The Project on the History of Black Writing mourns the passing of Kamau Brathwaite. The Barbadian poet and academic was 89 when he died in his home on Tuesday, February 4. Brathwaite’s writing mainly celebrated Caribbean voices and greatly contributed to the Caribbean’s literary landscape. Born in Bridgetown, Bahamas in 1930, Brathwaite’s poems examined African roots in the Caribbean, affirming the Afro-Caribbean identity and amplifying their experiences.
“My poetry has been concerned, for a long time now, with the attempt to reconstruct, in verse, in metric and in rhythms, the nature of the culture of the people of the Caribbean.”
In the 1950’s and 1960’s, Brathwaite spent his time teaching and studying in the United Kingdom, Jamaica and Ghana, which informed his writings on the diasporic experiences of Black people. His most popular work The Arrivants: A Third World Trilogy (1973) adds a poetic layer to the history of Black people’s global experiences. His other works include, but aren’t limited to: Folk Culture of the Slaves in Jamaica (1970), Afternoon of the Status Crow (1982) and History of the Voice: The Development of Nation Language in Anglophone Caribbean Poetry (1984), which made him the authority on nation language.
“Brathwaite was much more concerned about understanding and highlighting native languages of African peoples as unique and sovereign expressions as a way to present African peoples as unique and sovereign beings rather than trying to convince white readers how much like white people black people can be. While taking that class on Caribbean poetry, I sent the paper that I wrote analyzing his work to him, just as my way of thanking him for influencing me. To my surprise, Brathwaite sent me a brief note, stating, “thank you for sharing your paper with me. I hope you received the A that you deserved.’”- C. Liegh McInnis, February 16, 2020
“To me, he was a big brother, distant in location but always warm when we were in each other’s presence. Kamau was personally introduced to me by my “homie”, big brother Tom Dent. The closer I became to Kamau, the more I admired him, learned from him, was amazed by him as a writer, a scholar, and a friend.”- Kalamu ya Salaam, February 6, 2020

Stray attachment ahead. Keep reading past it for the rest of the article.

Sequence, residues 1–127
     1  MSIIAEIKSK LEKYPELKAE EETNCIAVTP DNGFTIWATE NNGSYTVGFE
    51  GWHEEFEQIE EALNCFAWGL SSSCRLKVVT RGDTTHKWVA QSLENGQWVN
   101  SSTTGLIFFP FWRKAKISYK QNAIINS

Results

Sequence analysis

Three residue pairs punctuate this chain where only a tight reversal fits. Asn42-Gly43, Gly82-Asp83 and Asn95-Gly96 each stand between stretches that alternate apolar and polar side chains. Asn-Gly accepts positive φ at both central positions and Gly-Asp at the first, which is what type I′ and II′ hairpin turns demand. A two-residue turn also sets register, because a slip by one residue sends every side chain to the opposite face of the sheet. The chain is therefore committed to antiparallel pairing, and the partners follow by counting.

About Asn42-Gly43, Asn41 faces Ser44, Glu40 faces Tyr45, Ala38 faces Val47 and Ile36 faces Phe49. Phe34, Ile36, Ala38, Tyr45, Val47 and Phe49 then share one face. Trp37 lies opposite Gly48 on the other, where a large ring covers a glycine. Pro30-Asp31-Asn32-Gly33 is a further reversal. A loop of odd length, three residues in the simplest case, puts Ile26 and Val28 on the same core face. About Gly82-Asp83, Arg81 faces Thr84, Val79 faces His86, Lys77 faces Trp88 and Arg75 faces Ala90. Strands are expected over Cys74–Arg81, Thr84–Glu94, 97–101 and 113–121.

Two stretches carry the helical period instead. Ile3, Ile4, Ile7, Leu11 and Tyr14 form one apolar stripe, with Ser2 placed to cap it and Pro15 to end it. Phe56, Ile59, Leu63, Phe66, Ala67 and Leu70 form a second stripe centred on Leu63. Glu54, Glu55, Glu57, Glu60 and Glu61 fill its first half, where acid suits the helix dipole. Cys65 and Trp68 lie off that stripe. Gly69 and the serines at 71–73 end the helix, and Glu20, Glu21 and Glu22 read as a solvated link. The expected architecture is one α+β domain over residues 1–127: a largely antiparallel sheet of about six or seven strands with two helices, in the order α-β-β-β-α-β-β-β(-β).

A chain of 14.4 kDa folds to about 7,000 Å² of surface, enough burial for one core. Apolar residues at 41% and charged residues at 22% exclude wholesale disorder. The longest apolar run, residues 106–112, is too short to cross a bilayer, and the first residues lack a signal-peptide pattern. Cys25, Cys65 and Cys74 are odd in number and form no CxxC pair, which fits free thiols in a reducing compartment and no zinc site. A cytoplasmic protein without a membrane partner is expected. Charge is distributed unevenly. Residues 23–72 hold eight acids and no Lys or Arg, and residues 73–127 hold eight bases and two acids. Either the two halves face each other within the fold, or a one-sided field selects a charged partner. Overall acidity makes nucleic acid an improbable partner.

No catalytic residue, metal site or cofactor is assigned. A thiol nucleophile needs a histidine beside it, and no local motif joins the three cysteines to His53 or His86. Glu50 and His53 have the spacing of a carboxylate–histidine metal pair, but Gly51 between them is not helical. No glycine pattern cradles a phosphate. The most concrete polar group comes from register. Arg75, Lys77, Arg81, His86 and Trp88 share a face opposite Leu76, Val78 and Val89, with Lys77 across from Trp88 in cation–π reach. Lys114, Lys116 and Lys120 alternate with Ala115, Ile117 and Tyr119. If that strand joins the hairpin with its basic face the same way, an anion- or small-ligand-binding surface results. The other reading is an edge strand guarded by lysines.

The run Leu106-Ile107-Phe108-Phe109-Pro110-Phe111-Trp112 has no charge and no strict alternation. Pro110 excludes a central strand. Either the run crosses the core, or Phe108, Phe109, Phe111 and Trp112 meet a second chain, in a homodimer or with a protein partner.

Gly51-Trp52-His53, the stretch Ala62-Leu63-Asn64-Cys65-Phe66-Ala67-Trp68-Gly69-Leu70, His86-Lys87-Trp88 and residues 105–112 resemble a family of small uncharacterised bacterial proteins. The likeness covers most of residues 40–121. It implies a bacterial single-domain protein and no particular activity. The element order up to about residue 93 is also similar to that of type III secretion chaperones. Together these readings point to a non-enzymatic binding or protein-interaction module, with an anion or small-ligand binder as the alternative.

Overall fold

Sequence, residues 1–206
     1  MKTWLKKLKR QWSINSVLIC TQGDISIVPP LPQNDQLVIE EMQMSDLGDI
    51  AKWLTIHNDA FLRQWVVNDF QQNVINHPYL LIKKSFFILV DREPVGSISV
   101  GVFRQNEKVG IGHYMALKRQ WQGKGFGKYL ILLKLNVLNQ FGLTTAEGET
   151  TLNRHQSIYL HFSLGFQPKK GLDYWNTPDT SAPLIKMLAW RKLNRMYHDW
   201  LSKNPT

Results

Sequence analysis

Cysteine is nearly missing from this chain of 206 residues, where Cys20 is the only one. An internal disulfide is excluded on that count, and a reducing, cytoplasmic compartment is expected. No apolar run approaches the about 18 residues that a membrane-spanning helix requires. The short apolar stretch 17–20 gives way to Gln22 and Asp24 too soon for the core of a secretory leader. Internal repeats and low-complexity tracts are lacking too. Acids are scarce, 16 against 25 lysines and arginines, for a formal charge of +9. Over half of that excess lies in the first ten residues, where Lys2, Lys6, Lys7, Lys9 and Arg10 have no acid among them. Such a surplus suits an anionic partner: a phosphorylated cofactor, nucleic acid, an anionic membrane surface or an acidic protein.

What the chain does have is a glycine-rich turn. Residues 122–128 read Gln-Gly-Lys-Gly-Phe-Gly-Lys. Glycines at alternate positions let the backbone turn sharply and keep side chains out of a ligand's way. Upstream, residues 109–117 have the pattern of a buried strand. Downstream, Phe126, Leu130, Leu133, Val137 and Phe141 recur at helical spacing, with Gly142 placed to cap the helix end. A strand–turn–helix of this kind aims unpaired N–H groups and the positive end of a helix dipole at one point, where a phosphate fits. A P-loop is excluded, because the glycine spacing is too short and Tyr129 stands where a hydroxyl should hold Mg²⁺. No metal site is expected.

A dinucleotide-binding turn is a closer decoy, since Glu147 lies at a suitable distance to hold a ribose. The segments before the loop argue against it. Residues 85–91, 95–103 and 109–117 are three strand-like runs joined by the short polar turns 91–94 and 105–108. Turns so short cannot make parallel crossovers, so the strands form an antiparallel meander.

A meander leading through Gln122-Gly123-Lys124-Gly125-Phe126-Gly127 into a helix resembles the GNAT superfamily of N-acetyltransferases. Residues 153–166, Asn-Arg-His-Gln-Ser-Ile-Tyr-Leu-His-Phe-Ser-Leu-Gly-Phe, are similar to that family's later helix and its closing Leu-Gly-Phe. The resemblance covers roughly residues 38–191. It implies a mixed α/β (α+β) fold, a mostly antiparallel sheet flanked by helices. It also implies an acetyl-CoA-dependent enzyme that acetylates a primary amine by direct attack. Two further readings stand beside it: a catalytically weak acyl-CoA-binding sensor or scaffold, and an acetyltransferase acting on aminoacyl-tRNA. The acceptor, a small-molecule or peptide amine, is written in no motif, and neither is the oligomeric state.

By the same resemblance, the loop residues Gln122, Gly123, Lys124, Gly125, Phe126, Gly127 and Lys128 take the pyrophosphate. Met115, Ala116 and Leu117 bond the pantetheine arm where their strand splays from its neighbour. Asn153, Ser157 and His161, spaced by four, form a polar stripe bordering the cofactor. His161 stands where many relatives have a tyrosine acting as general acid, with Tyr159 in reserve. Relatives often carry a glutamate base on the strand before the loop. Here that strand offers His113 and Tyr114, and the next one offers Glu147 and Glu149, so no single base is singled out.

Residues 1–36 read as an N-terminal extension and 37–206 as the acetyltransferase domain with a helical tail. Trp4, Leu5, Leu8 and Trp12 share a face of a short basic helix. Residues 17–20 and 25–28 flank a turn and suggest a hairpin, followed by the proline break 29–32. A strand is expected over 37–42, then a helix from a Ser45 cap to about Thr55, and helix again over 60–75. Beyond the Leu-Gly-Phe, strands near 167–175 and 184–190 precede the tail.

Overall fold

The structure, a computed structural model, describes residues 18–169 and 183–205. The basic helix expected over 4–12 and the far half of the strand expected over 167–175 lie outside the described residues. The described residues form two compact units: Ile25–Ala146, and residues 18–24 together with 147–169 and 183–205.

In His Own Words [from Kalamu ya Salaam interview:]
On his audience:
“I start off with a Caribbean audience which is representative of the people who have been down-pressed. The audience is usually a mixed audience, moving in terms of class from college educated to middle class right up to the laboring class because that is how our society is composed.”
On celebrating Caribbean culture in his poetry:
“This involves not only discovering what I would call “new poetic forms” — a breakaway from the English pentameter — but also, and more importantly, discovering the nature of our folk culture, the myths, the legends, the speech rhythms, the way we express ourselves in words, the way we express ourselves in song. That has been my concern for about ten years and is increasingly so. One has to develop technical resources of a very complex nature and at the same time one has to get an increasing knowledge of who our people are, where they come from and the nature of their soul.”
On mystification in religion:
“It is not mystification at all, that’s the thing about it. The religion is so natural, it is so vital, it is so socially oriented, so people oriented that there is no mysticism — mental mystification — in it at all. That is really the difference between an African oriented religion and a European one. Theirs is very mystified because they are not dealing with a living god, they’re not dealing with man in relation to god in relation to community.”
“My poems start off as rhythms in my head, as patterns of songs which also have an objective. The patterns of songs have to say something, address themselves to some problems or go through some dialectical process. From my head they have to be transferred onto the page, because that’s how I started, but then from the page I instinctively transfer it on to song.”